2. Characterization of the context and desired scenarios

We analyzed the trajectory and nursing situation at the FSFB by reviewing and examining the historical documents available in the Nursing Directorate, such as minutes and advisory reports and audits, including their vision for 2022 and their position and relationships within the framework of the mission, vision and development plan in force at the institution.

3. Experience and global nursing trend review in the use of nursing models

The next step in the process was to conduct an integrated review of the literature on nursing models applied to clinical practice. The review was developed with a 20-year observation window, in English and Spanish, and included the revision of 17 databases, with the use of the meta-search engine "Discoverer". We developed this review following the steps proposed by Ganong (15): selection of the research question; definition of inclusion criteria and selection of the sample; representation of the selected study s, considering all the characteristics in common; critical analysis of findings, identifying complementarities, differences or conflicts; interpretation of results and communication of them.

4. Description of nursing practice based on a care model

Based on an analysis of local and global contexts, and considering the state of the art and the desired scenario for nursing at the FSFB, we identified the meta-paradigmatic elements of nursing through a survey developed for this specific purpose. The survey was applied to 145 nurses whose profile represented the nursing staff of the FSFB. We included professionals with different experience times, different shifts, services and academic levels. Once we identified the profile of the participants, we asked whom the subjects of nursing care at the FSFB are, what is the goal of that care, in what context is it provided, and what is the role of nursing. In order to confirm what they perceived as the most important part of nursing practice at the FSFB, we asked the participants what made them most proud and what worried them that they would modify.

From this exercise, and considering each of the responses received through the surveys, we achieved a description of the fundamental concepts for nursing practice.

In a subsequent intervention, a new group of nurses from the institution participated in an exercise developed in small groups to see how these concepts were associated. This exercise produced the assumptions of care, which are the second component of the model.

5. Validation of the model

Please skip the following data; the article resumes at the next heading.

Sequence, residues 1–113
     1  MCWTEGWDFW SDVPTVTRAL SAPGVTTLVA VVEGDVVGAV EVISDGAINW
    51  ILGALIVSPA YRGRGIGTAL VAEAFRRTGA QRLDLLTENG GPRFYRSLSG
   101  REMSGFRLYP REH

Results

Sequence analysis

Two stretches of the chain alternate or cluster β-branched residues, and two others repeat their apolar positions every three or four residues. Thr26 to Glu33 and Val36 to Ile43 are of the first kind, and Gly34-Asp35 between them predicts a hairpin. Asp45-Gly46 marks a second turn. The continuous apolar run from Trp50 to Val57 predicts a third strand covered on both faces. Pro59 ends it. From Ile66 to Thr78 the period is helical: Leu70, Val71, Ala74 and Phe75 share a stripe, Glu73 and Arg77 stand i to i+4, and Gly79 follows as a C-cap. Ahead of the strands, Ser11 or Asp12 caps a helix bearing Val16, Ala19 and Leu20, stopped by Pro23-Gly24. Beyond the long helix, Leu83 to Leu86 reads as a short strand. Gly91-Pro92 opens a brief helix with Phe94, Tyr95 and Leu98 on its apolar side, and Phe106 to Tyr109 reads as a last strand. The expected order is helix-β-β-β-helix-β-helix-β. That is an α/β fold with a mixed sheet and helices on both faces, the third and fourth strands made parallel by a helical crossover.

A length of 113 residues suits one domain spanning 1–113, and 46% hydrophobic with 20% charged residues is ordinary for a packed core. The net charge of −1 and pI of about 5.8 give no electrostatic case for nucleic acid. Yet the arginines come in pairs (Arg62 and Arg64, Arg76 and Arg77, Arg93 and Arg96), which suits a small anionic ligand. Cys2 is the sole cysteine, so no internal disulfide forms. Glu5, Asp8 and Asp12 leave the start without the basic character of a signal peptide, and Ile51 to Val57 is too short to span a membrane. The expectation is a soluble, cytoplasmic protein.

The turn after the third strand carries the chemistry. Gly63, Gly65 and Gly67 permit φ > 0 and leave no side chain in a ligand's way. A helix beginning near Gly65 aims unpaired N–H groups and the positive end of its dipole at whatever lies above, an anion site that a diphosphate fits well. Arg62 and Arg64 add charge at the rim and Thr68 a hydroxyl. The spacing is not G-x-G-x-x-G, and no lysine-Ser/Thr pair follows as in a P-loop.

Experts validated the concepts and assumptions internally and externally. This was done along with a cross analysis of congratulatory and complaint letters from patients and other health professionals. Finally, we submitted the study to be reviewed by international peers with recognized experience, and the product was revised based on standards of evaluation of current nursing theory.


The study made it possible to understand why the development of a model to guide the practice of nursing based on care is essential to qualify it, since it allows nursing care to be guided to fulfill its true purpose. Only by understanding the essentials of nursing care is it possible to respond to the commitment to institutional excellence.

To accomplish this, it was necessary to identify what type of care-based model for practice was required, considering that it should respond to the institutional framework of high- value service and be functional at the same time to reflect the commitment of nursing to care in service, when implemented. It was also determined that the model should allow for an indicator based on follow-up to guarantee a permanent improvement in four fields: humanization in care, risk management, knowledge management and technology management.

With respect to characterization of the context and the desired scenario, and considering the institutional mission, we accepted the institutional vision of nursing, which states: by 2022, the Nursing Department at the FSFB University Hospital will be able to lead practices in comprehensive care of the patient with family participation, which generate the best results for the recovery of health. It will be recognized nationally and internationally for the practice of nursing based on evidence, scientific input, teaching and research. It will be a source of improvement in practice innovation, assistance, teaching and an influential opinion leader on the strategic direction of the FSFB. It will lead health promotion and disease prevention programs that positively affect the quality of health in the community, and will be recognized for its participation in the generation and implementation of national health policies.